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LatinAsian Cartographies examines how Latina/o and Asian American writers provide important counter-narratives to the stories of racial encroachment that have come to characterize twenty-first century dominant discourses on race. Susan Thananopavarn contends that the Asian American and Latina/o presence in the United States, although often considered marginal in discourses of ...
LatinAsian Cartographies: History, Writing, and the National Imaginary
LatinAsian Cartographies examines how Latina/o and Asian American writers provide important counter-narratives to the stories of racial encroachment that have come to characterize twenty-first century dominant discourses on race. Susan Thananopavarn contends that the Asian American and Latina/o presence in the United States, although often considered marginal in discourses of American history and nationhood, is in fact crucial to understanding how national identity has been constructed historically and continues to be constructed in the present day. Thananopavarn creates a new LatinAsian view of the United States that emphasizes previously suppressed aspects of national history, including imperialism, domestic racism during World War II, Cold War operations in Latin America and Asia, and the politics of borders in an age of globalization. LatinAsian Cartographies ultimately reimagines national narratives in a way that transforms dominant ideas of what it means to be American.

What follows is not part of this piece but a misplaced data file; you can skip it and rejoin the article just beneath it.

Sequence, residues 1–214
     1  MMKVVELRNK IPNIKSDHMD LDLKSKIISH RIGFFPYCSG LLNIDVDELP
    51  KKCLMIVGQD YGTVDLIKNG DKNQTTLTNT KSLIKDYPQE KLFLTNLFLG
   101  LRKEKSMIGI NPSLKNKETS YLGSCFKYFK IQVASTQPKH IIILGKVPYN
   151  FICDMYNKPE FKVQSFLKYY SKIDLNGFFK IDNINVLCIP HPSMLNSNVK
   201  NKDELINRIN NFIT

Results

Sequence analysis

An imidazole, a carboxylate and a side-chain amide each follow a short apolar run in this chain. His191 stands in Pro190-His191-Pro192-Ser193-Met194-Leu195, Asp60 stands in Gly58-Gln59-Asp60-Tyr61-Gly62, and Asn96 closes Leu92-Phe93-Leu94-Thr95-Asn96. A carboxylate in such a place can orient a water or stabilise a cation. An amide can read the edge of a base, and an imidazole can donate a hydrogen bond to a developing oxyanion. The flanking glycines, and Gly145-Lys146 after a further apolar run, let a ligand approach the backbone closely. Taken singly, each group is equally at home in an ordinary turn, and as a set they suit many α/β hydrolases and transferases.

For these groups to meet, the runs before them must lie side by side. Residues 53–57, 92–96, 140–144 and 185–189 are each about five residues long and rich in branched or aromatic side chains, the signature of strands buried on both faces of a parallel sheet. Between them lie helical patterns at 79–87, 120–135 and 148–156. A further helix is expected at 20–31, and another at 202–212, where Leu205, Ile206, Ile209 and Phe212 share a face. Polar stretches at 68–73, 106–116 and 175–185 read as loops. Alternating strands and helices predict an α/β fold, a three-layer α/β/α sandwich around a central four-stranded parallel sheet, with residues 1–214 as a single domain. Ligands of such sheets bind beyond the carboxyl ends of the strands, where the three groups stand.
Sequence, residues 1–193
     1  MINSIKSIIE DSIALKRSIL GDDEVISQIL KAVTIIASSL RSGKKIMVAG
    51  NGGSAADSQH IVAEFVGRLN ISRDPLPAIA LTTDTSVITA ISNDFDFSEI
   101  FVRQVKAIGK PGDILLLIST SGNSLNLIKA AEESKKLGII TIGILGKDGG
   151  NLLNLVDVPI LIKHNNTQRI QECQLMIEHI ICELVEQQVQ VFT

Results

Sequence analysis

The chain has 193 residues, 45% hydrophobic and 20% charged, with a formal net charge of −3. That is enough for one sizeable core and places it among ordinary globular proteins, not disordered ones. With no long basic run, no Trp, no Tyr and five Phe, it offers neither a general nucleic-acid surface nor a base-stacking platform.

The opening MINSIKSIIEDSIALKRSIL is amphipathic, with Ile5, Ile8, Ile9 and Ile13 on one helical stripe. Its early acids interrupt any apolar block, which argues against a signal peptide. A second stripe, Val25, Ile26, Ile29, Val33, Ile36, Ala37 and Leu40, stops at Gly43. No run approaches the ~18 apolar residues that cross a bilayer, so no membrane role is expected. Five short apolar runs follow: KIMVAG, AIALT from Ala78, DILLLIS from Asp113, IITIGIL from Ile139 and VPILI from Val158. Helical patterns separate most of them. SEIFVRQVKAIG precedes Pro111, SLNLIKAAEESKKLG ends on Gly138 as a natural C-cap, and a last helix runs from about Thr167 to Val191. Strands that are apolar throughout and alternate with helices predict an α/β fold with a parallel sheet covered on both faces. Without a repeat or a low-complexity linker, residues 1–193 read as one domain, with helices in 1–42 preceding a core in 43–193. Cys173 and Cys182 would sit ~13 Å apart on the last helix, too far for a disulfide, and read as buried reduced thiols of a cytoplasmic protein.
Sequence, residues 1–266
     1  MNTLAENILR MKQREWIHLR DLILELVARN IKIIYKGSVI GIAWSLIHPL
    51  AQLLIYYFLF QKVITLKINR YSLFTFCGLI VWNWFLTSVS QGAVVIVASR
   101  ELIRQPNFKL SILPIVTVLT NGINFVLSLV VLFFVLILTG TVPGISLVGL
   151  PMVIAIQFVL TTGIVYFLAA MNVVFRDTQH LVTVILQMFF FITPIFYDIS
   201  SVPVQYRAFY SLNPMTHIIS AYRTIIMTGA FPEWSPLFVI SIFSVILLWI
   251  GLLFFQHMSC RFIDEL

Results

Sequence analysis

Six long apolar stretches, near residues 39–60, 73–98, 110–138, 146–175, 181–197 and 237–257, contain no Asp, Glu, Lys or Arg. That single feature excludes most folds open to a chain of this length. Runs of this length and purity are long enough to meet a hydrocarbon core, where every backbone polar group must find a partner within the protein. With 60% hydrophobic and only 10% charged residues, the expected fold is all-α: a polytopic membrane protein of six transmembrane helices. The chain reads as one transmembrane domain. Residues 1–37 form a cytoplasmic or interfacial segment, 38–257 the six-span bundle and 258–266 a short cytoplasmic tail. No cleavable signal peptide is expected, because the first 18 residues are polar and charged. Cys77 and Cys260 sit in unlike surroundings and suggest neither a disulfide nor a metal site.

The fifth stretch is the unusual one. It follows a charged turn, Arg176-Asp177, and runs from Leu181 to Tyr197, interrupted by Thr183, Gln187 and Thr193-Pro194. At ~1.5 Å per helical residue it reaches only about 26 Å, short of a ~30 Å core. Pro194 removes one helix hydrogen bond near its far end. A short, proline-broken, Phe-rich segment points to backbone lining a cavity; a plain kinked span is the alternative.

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126.000000 USD
Hardback
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Moving beyond the 'main dishes' of traditional literary works, Side Dishes offers a provocative and delicious new understanding of Latin American women's authorship and activism. The book illuminates a wealth of creative and intellectual work by Latin American women - editors, directors, cartoonists, academics, performance artists, and comedians - and ...
Side Dishes: Latina American Women, Sex, and Cultural Production
Moving beyond the 'main dishes' of traditional literary works, Side Dishes offers a provocative and delicious new understanding of Latin American women's authorship and activism. The book illuminates a wealth of creative and intellectual work by Latin American women - editors, directors, cartoonists, academics, performance artists, and comedians - and explores them in light of their treatment of women's sexuality. Side Dishes considers feminist pornography and literary representations of masturbation, bisexuality, lesbianism, and sexual fantasies; the treatment of lust in stand-up comedy and science fiction; critical issues in leading feminist journals; and portrayals of sexuality in four contemporary Latin American films. Melissa A. Fitch concludes with a look at the rise of women's and gender studies programs in Latin America.